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  • Star Wars of The Third Millennium: Legal Implications of Satellite Shooting

    Paper number



    Mr. Dhruv Sharma, NALSAR University of Law, India


    Ms. Runjhun Noopur, NALSAR University of Law, India



    The US shooting down of its own satellite last month must be understood from the strategic and technological perspective. It was the first time that a low-orbiting satellite about to enter the earth’s atmosphere was shot down by a ship-launched missile. The Pentagon planners must be happy that the very first attempt of the modified missile was a success in terms of hitting and destroying the crippled satellite to avoid large, possibly toxic, debris falling to earth. However, space debris are not the only fallout of this application of missile defence technology. The satellite shooting down blurs the lines between defending against a threat such as an attacking missile and targeting a satellite in low-earth orbit.
    Outer space assets have been in use for several military support functions such as reconnaissance, surveillance, strategic communication, navigation and even weapon guidance. But actual deployment of weapons in space or against space assets of adversaries has not happened yet. Fortunately, military exploitation of outer space has been limited to passive roles and scientific/commercial endeavours have been able to progress with minimal interference from military planners, making space assets a vital component of international economic and development activities. 
    Satellite shooting incidents and deployment of missile defence systems threaten to destabilise the peaceful environment of outer space that has remained a common space for all civilian satellites, space transportation systems as well as ballistic missiles and missile defence systems. The 1967 Outer Space Treaty was the result of shared international concern that military exploitation of space may not only seriously jeopardise civilian space programmes but even upset deterrence-based power balance equations and endanger international peace and stability. However, in the past decade continued advances in technology and changing perceptions of security have added a new momentum to increased militarisation of outer space.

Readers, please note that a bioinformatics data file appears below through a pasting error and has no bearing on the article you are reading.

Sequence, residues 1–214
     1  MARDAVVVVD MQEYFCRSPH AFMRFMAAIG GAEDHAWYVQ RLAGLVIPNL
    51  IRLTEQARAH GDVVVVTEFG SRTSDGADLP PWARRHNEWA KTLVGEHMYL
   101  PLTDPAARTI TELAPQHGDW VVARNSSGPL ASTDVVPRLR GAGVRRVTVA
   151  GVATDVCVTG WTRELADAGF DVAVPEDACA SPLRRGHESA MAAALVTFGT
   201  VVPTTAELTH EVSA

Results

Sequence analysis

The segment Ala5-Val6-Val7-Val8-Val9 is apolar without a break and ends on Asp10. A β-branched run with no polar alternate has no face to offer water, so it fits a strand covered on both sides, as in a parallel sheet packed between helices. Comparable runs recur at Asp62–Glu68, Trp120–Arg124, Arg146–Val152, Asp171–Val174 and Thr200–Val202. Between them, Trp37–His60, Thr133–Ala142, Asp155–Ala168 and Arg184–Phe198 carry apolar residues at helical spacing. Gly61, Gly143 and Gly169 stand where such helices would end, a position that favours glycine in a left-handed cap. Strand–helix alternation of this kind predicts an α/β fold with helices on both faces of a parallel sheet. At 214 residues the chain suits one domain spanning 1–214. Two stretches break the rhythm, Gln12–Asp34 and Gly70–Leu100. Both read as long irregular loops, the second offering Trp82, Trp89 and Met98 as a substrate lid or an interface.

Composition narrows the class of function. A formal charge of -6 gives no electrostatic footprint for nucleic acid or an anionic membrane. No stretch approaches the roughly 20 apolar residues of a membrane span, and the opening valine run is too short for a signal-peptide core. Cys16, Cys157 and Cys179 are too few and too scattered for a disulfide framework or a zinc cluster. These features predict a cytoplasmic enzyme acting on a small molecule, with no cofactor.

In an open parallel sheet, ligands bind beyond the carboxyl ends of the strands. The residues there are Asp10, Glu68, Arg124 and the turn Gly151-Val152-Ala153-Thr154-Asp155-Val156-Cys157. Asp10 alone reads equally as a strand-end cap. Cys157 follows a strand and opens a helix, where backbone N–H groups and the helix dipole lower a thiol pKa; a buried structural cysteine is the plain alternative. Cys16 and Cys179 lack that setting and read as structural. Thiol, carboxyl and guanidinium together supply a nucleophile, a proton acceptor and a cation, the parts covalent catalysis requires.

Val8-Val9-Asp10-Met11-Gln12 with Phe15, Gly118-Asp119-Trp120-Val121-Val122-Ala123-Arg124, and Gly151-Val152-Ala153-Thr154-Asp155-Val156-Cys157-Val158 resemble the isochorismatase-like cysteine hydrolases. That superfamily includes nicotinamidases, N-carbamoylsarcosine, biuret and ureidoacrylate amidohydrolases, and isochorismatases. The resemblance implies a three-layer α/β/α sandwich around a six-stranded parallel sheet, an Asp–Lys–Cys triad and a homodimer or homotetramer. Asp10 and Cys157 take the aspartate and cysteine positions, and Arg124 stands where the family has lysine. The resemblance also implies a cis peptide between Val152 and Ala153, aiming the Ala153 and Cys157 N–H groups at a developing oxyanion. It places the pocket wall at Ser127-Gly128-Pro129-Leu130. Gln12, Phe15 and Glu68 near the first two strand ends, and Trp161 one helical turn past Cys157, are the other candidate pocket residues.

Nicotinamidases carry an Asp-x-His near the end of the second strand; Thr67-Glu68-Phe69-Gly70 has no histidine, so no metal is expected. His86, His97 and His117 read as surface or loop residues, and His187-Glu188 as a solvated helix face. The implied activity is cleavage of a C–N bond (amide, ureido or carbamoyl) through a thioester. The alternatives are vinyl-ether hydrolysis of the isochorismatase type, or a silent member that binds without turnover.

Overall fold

Where is all this leading to? Increasing use of outer space has produced considerable amount of space debris and this has become a major threat to spacecraft and satellites. In 2001, the UN Committee on Peaceful Use of Outer Space mandated the Inter-Agency Debris Coordination Committee to develop international debris mitigation guidelines. Today, over 9,000 space debris of 10 centimetre or larger size are constantly monitored and thousands of other smaller debris are floating around that can cause serious hazard to low-orbit satellites/spacecraft. If we are going to have more problems with space debris, perhaps there is a case for evolving a structured international cooperation for shooting falling satellites or other objects. 
    Any further weaponisation of outer space will make things very difficult. It could destabilise the existing system of nuclear-missile deterrence that has held the international strategic balance of power. It could also seriously jeopardise the smooth functioning of satellite-based activities in the economic and commercial domain. 
    The joint Russia-China proposal for Prevention of Arms Race in Outer Space as well as the evolving US preference for a ‘Code of Conduct’ need to be synchronised soon, before tensions due to US missile defence deployment or another satellite shooting down makes any future international consensus difficult to achieve. The world is now so dependent on space technology that we must preserve outer space for peaceful applications. The need of the hour is to take proactive steps in building the right momentum towards preservation of peace and stability in outer space and to prevent this star war from shaping into a mammoth form.
    Abstract document


    Manuscript document